Saturday, September 22, 2012

Fish Stock

All it takes to make fish stock is to add a fish carcass to the vegetables when you make a vegetable stock.

So, the ingredients are:

3 quarts plus 2 cups water
2 cups white wine
1/2 cup Champagne vinegar
1 large yellow onion, coarsely chopped
1 fennel bulb, including fronds, trimmed and coarsely chopped
1/2 celery stalk, coarsely chopped
1 head garlic, top third sliced off
1 leek, coarsely chopped
6 sprigs fresh tarragon
6 sprigs of fresh thyme
1 bay leave
1 tablespoon black peppercorns.

That is what you could use for a vegetable stock. Now add at least 2 pounds of fish bones and trimmings (fish heads and scrap pieces of fish) to the vegetable stock at the beginning, before the heat is put to the stock pot.

 Combine all the ingredients in a large stockpot. bring it to a simmer and then reduce the heat to low. Simmer, uncovered for 45 minutes.

Remove the pot from the heat and strain the stock through a fine-mesh sieve or cheesecloth into a heatproof container set in an ice bath. discard the solids. Cool the stock in the ice bath. Transfer chilled stock to airtight container(s). Refrigerate the stock until you are ready to use it. The stock can also be frozen for up to 2 months. 

Ok, so, here are the pictures! First, the ingredients (missing the fresh thyme):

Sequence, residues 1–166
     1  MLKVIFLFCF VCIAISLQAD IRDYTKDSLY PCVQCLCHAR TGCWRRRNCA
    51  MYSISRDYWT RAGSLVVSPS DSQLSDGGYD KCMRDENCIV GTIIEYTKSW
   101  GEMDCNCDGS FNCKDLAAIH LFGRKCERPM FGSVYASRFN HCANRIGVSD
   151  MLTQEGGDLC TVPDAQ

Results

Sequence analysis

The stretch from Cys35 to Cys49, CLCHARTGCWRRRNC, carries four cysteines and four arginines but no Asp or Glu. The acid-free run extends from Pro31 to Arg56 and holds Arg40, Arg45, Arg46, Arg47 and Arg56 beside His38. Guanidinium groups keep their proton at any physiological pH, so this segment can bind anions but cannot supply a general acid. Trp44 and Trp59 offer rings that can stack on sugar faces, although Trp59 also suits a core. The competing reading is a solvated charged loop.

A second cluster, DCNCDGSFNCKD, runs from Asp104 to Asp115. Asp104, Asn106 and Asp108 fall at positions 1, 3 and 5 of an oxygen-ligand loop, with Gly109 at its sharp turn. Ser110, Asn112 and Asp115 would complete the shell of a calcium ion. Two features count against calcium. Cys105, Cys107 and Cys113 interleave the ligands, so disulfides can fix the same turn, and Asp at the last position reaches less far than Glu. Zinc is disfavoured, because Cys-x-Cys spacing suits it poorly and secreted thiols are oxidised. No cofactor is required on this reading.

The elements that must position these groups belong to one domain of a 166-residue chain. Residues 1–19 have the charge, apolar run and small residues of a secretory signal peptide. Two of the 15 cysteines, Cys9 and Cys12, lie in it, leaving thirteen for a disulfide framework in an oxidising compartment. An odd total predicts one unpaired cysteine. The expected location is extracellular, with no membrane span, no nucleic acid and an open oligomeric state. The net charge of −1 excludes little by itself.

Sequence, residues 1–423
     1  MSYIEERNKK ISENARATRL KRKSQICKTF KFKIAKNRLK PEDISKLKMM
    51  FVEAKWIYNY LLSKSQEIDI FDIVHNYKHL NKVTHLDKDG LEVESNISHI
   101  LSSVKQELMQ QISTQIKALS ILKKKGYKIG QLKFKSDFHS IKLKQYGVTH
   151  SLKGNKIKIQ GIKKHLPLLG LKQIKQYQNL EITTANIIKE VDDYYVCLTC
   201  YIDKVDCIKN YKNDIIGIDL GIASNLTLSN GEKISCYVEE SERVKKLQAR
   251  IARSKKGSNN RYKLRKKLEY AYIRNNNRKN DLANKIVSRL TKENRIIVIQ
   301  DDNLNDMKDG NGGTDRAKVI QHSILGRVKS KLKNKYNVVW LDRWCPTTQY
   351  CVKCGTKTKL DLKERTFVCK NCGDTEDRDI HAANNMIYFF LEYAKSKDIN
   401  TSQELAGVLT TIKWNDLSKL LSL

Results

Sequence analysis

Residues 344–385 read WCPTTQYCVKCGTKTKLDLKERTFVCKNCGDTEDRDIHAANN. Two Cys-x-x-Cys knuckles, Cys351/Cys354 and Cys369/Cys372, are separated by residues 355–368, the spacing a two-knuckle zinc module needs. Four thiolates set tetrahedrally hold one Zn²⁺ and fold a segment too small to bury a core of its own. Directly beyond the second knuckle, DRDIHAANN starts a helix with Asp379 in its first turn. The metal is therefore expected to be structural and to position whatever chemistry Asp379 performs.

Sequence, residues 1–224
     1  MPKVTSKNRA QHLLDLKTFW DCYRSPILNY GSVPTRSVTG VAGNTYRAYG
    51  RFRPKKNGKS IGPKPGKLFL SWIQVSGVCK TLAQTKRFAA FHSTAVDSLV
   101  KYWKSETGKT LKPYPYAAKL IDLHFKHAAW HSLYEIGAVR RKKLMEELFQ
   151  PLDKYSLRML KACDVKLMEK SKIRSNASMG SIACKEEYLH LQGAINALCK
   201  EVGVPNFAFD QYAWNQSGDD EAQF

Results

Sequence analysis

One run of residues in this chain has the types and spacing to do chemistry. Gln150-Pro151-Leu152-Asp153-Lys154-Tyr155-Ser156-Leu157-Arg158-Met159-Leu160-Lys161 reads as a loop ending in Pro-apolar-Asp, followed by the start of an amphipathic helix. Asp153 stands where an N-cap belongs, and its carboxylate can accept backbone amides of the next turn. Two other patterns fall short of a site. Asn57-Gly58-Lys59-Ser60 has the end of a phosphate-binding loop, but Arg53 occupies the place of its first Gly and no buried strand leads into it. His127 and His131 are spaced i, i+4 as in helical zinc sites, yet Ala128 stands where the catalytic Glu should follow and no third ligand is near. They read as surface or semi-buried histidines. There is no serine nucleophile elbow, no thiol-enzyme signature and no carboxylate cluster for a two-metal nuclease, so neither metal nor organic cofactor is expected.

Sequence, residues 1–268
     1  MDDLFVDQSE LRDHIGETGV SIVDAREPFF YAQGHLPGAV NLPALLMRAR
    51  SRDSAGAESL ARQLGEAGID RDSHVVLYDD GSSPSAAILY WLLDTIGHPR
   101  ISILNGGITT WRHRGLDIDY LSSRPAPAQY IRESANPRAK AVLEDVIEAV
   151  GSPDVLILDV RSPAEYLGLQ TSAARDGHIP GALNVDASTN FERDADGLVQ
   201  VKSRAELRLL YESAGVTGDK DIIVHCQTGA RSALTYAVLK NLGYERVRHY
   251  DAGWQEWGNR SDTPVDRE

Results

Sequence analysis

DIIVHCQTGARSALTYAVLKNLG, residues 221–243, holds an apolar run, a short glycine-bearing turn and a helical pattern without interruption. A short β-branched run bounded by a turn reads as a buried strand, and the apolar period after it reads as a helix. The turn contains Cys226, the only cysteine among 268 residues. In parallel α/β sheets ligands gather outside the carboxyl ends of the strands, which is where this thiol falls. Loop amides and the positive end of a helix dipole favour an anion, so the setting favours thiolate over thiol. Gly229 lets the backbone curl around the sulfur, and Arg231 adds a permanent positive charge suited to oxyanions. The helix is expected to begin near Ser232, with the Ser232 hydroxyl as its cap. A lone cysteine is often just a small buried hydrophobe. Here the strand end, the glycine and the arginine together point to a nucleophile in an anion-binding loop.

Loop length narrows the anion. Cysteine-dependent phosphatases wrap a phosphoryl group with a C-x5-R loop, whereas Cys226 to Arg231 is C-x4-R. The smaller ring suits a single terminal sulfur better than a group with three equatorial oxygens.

Notice the fish on the left? The fish monger was having a sale on Alaskan king salmon today. So, bought a whole one and when he fillet it, I told him I wanted the whole fish. So, we got some great fillets along with a carcass!

Here is the carcass: 
Here's all the ingredients in the stockpot, prior to the heat: 

And here is the cheesecloth, over a strainer, over a bowl, over the ice bath, waiting to strain the stock:
Back to the stock! Here it is, just getting up to a simmer. The foam is the indicator that it is at a simmer.

And, here it is, 45 - 60 minutes later, ready to be strained:

And, here it is being strained! 

And, here is the strained stock, ready to be placed in air tight jars:

And here it is in the jars, still in the ice bath, cooling off, before the lids are placed on it and then into the freezer.
Actually, that wasn't all of it. I took two servings and placed it into a pan to heat up. Into that, I tossed some noodles, some cream that I had at a simmer, and some grated Parmesan cheese. That was lunch!

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